This time if you choose Format you will have Selected Plot Area†and you would get this dialog box Figure 13. This is how you can change the gray area in your chart. Simply choose None in the Area section.
You should notice on the formula bar it tells you what part of the chart you have highlighted. The corresponding menu option Format, Selected ... changes to match. It is a matter of clicking and looking until you do it so many times you do not think about it anymore. You can change most anything that you want by clicking on the correct part, be it the Axis, title, gridlines or data series. For the most part I usually just double click on a part as this is a shortcut to the dialog box.
One of the handy dialog boxes deals with the Axis. You simply click on the X or the Y Axis and then you can Format Selected Axis. Looking at the dialog box Figure 16 letís talk about some of the features that you can do. As always you should just try all of them to see what happens. Practice makes perfect.
Patterns, Font, Number†and Alignment†are all pretty self- explanatory or very similar to stuff you have already done. Take a look and try them to see what they do. I just want to point out the Scale. If you want to specify the scale, all or part of it, this is the place to do it. You do not have to start your scale (minimum) at zero you can start it anywhere you want, positive or negative. You just turn the check box for Auto off and type in the number. The same is true for the maximum†number on your scale. The Major Unit†will be where the numbers on the scale show up at the specified interval. In this case every 50 be will listed on the scale. The Minor Unit†in this case is 10 and will show up as tick marks on the scale. Now the above dialog box is all just the default settings for my chart and I never saw the minor tick marks. So whatís the deal? Well you need to look at Patterns†and you will see the Tick Mark Type†for the Minor†Units is set to none. So if you want the minor tick marks to show up you need to turn the option on.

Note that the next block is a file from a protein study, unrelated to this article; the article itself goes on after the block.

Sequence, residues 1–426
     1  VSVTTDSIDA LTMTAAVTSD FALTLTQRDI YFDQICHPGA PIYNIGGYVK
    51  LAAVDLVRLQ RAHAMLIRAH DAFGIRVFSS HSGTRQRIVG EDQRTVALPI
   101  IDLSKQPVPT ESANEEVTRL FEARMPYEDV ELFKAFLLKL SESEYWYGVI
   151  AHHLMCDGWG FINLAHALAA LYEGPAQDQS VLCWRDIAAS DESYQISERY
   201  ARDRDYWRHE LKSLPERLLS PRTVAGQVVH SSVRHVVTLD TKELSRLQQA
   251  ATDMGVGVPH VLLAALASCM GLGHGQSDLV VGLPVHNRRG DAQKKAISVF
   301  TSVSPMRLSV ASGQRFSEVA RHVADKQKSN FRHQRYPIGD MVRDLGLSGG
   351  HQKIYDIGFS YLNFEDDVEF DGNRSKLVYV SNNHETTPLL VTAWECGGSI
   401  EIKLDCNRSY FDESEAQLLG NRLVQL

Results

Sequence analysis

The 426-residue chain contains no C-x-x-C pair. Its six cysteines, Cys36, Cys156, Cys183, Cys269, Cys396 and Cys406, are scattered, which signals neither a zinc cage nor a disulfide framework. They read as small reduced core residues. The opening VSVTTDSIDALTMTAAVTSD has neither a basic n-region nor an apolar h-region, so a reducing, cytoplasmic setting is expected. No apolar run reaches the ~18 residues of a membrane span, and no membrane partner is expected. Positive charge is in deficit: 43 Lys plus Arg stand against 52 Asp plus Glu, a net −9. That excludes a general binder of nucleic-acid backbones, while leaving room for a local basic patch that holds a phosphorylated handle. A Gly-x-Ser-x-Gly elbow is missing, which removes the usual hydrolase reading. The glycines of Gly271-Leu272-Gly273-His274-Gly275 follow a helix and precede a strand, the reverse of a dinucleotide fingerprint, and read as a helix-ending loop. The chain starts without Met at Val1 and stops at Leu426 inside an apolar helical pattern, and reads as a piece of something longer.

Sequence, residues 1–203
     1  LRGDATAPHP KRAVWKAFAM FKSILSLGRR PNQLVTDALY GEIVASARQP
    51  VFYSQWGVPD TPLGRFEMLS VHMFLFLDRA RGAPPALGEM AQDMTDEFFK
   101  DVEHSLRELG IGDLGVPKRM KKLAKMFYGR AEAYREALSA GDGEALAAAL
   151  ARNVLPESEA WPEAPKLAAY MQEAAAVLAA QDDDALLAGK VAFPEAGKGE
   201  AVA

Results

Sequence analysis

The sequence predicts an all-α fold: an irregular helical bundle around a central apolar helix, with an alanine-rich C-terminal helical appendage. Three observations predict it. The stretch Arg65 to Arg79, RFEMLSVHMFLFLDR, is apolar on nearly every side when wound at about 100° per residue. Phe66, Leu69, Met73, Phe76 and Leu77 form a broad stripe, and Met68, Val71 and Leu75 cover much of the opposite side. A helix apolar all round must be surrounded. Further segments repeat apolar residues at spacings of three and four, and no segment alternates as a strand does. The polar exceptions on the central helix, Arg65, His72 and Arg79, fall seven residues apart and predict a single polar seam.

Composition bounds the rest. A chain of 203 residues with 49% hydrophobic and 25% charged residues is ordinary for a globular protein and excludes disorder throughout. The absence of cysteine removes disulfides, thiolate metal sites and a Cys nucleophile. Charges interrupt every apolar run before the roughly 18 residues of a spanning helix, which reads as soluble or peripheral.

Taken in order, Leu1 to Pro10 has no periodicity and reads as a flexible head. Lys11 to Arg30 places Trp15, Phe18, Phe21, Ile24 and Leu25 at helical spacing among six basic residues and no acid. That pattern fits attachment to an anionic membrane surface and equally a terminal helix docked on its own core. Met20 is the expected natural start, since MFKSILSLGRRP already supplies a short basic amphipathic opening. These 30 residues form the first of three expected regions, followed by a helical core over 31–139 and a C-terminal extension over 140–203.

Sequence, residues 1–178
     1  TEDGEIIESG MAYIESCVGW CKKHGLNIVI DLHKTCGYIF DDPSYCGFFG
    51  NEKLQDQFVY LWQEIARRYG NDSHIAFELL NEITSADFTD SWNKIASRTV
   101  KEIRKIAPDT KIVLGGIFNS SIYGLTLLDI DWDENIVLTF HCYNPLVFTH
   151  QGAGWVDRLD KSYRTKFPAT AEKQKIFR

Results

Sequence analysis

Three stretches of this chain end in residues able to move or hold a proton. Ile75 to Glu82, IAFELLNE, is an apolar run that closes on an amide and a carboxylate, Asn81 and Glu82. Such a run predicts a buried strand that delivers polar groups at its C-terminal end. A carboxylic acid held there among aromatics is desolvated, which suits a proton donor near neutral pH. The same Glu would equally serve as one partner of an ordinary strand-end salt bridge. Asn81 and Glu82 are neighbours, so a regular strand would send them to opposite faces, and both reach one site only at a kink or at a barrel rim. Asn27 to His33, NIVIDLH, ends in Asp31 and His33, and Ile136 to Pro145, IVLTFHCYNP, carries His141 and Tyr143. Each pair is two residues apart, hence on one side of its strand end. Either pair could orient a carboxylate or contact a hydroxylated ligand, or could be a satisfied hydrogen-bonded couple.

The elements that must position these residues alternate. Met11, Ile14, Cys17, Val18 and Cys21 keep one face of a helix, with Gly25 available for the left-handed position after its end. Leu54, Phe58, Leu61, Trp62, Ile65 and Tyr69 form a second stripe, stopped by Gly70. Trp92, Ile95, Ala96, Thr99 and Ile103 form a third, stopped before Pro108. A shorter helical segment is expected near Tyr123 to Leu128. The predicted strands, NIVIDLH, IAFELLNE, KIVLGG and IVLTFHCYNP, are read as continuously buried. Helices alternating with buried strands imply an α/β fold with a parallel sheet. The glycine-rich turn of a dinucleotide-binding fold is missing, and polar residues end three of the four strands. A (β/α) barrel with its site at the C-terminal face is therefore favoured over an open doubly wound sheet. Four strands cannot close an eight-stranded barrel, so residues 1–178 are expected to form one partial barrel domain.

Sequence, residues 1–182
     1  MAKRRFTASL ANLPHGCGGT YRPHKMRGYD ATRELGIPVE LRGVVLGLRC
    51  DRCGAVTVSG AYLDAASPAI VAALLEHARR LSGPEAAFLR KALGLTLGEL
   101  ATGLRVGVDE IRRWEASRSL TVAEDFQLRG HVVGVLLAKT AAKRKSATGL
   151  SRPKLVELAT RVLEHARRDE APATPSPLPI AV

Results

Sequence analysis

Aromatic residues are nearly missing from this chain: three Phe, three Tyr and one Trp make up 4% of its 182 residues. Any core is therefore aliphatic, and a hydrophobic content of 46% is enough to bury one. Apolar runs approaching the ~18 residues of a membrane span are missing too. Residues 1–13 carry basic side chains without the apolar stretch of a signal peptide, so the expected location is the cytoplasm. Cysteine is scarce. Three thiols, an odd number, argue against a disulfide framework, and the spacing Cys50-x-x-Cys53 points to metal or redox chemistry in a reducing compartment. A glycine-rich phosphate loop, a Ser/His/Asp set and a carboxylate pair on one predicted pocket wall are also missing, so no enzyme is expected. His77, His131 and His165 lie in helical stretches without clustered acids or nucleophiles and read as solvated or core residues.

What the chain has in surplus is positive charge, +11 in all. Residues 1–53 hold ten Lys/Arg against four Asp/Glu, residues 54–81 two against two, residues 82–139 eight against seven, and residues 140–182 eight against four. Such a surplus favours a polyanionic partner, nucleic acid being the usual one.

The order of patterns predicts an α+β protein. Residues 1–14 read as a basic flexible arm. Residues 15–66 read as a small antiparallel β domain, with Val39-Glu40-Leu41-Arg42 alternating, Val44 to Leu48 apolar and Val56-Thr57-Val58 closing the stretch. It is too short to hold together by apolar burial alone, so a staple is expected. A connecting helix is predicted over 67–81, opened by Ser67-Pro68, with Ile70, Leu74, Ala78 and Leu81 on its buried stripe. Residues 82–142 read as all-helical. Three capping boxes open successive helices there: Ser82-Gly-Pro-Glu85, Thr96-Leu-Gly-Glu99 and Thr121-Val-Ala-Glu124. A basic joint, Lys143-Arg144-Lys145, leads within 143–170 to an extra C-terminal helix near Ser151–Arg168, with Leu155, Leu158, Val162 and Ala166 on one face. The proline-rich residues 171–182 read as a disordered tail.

If you click on one of the data series (for example: click on the bar) and choose Format, Selected Data Series†you will get the dialog box Figure 15. The Patterns†tab is how you could customize the pattern or color for that bar (or series). Once you look at that tab it is self-explanatory. The Data Labels†tab enables you to show data labels for this series. Data labels are the actual numerical value for that point on the chart. You should have noticed the numerical values just on top of the columns Figure 12.
I have explained how to create a chart on its own sheet. You can create your chart as an object directly on the worksheet. Take a peek at Figure 16, it is really pretty easy to do. In the last step of the wizard you simply choose the option As Object in: and this will place the chart on the current spreadsheet. You would resize the chart just like you would a clip-art picture. Use caution because if you click and drag the chart to move it you may move the actual chart inside of the picture box. When you do it, you will know just what I mean.
Looks pretty sharp doesnít it? We can see how each expense relates to the others. Oh, did I tell you that when you change a number in the spreadsheet it will automatically change in the chart as well.
When you want to make a change to the chart, like we described above, you will just need to double click the chart object that you want to change. This will give you the correct dialog box to work with. When I first made this chart some of the X category labels were on top of each other. To fix this I simply clicked on one of the categories and dragged it away a little. You may have to click a couple times until you get it. Single click only. What you want is to have a highlight around just the one category that you want to move.
I hope you have realized that when you are dealing with charts it is a matter of clicking on everything and seeing what you can do with it. You can consider each piece of the chart an object that you can format individually from all the other objects.
If you forgot to add any titles to your chart when you were doing the chart wizard you still can get them on the chart. Simply choose Chart, Chart Options..., and you can then fill out the dialog box the way you want. When you choose OK you will be given an object on the chart that you can format any way you want.